Hello to all my blog friends, old and new.
Yea, it’s been a while. A long while, actually.
One of the reasons? Fifteen months ago, my 87-year-old mom, who suffered with some baseline dementia but who was living independently at home (with some basic support from all her kids), was hospitalized for five days for a heart-related event.
I won’t go into details, except for two important lessons I’d like to share:
- For those of you with elderly parents with some dementia, beware: Hospitalizations often cause a level of added delirium from which they won’t likely recover. We weren’t aware of this, so we did not take steps in the hospital that would minimize the damage, such as facing her bed toward the window, limiting visitors, etc. While she did eventually recover physically, her mental downfall was precipitous and would have been permanent (and likely fatal) if we had not taken the risk, against medical advice, to get her out of the nursing home where she ended up in rehab after the hospitalization, and move her back to the familiar home where she has lived for 65 years. Not being dramatic here—we are convinced that moving her home literally saved her life. Was it tough on us? Oh yes. Were we prepared to handle our mom’s care at home? Not even close. Do I regret it? Not for a second. Mom’s delirium eventually faded, but the whole experience did leave her with more advanced Alzheimer’s and the need to have someone with her 24/7. But otherwise, she’s healthy and happy, at least for now.
- God is in control. I don’t act like it all the time, I don’t believe it all of the time and I certainly don’t trust it much of the time. But it’s true. We just have to let him be the one in charge. And nothing like a crisis will reinforce that notion. It would have been so much easier to embrace this fact at the beginning of this debacle, but, me being me, I battled it every step of the way. I was by myself in the boxing ring with my gloves on and punching away at the problems and challenges on a daily basis. I fretted. I worried. I got angry and resentful. But people, there came a day when battle-weary me with mysterious new health problems that had landed me in physical therapy—twice in one year—and with little energy and motivation left in my life, had to wave the white flag. I can pinpoint it to the night in December when, after a long day of work and an even longer evening caring for my mom, I came home, went to the kitchen cabinet where I kept my medicine and, in a fog, took my dog’s drugs instead of my own! That’s right, ladies and gents. I swallowed not one, but two pills that were laid out next to mine but meant for my little Shih-Poo, Sammy, who needed them for his seizures.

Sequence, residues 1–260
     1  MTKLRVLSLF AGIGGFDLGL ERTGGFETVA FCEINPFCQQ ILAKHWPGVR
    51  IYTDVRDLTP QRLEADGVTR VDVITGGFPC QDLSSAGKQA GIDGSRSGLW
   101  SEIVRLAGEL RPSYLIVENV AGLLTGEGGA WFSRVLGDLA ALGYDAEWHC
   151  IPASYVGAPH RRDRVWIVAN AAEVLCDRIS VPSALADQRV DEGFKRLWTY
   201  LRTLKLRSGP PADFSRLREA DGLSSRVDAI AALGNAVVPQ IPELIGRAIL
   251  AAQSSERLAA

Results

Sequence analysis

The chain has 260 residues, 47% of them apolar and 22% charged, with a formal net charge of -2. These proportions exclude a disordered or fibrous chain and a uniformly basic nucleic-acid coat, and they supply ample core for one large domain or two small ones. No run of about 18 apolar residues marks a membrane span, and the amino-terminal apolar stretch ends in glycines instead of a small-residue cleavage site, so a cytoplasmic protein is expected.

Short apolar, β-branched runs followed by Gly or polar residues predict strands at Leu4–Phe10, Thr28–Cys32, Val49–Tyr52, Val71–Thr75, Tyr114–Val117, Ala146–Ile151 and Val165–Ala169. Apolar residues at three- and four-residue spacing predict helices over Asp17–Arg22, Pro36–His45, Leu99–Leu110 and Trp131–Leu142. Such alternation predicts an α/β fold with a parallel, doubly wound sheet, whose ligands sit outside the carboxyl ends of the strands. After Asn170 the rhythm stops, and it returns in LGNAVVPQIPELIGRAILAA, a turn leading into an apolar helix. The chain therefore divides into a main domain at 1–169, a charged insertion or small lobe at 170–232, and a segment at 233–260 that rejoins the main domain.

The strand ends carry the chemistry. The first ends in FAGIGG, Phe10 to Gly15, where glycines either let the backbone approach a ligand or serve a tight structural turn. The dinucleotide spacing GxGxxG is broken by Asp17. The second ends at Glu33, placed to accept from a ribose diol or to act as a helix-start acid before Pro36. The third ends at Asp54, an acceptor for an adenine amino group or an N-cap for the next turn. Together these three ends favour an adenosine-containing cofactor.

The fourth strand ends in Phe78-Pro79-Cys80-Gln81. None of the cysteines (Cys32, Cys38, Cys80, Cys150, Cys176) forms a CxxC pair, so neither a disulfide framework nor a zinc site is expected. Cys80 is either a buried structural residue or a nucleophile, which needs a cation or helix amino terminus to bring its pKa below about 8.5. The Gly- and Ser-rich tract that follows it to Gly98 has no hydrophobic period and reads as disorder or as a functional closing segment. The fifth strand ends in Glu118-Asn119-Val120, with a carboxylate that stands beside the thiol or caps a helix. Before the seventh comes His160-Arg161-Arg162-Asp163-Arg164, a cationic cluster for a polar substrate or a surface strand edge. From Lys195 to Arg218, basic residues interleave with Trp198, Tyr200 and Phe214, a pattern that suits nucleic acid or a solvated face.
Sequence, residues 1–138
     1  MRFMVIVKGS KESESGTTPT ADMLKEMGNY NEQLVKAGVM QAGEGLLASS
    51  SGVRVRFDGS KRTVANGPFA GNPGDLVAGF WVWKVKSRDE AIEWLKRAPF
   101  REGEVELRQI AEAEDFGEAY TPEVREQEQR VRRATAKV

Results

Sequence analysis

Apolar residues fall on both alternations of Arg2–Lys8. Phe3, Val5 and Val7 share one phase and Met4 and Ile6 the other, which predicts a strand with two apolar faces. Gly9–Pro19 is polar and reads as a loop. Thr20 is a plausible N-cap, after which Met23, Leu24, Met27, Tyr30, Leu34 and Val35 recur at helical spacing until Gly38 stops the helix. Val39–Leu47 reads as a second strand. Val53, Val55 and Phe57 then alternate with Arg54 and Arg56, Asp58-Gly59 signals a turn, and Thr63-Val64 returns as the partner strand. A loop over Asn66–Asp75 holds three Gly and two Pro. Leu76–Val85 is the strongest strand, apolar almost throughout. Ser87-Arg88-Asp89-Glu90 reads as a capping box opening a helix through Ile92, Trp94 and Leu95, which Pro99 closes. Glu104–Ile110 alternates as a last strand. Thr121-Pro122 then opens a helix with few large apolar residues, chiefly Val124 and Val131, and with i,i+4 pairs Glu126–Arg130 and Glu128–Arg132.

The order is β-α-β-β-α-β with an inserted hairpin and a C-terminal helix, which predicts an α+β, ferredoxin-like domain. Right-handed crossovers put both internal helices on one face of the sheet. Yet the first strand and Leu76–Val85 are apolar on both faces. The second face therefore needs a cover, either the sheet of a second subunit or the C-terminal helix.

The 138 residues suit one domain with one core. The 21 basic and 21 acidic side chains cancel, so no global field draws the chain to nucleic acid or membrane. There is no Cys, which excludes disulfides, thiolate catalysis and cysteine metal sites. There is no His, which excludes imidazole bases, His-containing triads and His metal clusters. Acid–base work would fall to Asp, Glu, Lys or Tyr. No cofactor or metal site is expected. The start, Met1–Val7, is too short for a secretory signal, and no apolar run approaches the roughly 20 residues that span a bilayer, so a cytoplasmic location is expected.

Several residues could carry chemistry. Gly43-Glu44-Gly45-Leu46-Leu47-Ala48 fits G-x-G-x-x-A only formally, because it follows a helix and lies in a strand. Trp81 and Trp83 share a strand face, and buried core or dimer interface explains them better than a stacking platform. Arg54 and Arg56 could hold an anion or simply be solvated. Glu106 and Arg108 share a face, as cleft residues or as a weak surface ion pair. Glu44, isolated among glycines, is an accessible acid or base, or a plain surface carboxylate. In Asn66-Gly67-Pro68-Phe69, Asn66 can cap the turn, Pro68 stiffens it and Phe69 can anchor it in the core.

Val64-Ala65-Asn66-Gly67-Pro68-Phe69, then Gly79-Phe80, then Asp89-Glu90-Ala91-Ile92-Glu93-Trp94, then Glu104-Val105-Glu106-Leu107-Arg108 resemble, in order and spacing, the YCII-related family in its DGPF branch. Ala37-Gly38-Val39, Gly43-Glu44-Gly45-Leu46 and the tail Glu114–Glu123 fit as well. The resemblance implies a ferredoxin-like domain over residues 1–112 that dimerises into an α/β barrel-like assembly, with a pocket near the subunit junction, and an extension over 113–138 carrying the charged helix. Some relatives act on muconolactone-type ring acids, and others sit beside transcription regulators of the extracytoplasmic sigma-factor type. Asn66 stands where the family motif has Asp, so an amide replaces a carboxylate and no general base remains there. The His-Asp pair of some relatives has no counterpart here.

When I retold this story to my high school friends at a Christmas gathering a week later, you could have heard the roar of laughter three states away. But the next day, one of those friends kindly got me to admit things might not be OK. I guess if you get to the point of taking your dog’s pills, you should probably take a deeper look at your life.
So that’s what I’ve done the past 5 months, with some success. I made some big changes in my mom’s care schedule and in my prayer schedule. I made some bigger changes in attitude. And I’ve taken intentional, grateful inventory of the many graces that have resulted from the events of the last year. I’ve learned so much about myself, in particular what God can do with me and in me if and when I allow it. I’ve learned about bearing crosses with grace (still struggle with that on the daily, but improving) and I’ve learned that Jesus’ Presence is ongoing. He does not leave us orphans. (Much more on this topic to come, God willing).
So there you have it–an account of my whereabouts in 2019. I hope to maintain at least a minimal presence on the blog from here on out. Time will tell.
But this I know more clearly now: Chaos WILL ensue. It’s inevitable in life.
And when it does, my job is to step out of the ring, give the gloves to God and let him fight the battles.